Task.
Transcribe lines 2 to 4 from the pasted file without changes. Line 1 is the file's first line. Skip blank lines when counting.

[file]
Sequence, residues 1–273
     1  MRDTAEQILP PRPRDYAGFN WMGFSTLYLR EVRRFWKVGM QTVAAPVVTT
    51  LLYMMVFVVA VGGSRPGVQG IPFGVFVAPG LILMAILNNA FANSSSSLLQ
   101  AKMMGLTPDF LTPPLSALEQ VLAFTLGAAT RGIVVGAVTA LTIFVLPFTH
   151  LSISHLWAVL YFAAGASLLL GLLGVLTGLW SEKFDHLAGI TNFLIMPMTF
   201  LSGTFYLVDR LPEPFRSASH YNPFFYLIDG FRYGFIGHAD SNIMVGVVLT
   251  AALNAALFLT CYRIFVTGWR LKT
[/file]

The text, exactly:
     1  MRDTAEQILP PRPRDYAGFN WMGFSTLYLR EVRRFWKVGM QTVAAPVVTT
    51  LLYMMVFVVA VGGSRPGVQG IPFGVFVAPG LILMAILNNA FANSSSSLLQ
   101  AKMMGLTPDF LTPPLSALEQ VLAFTLGAAT RGIVVGAVTA LTIFVLPFTH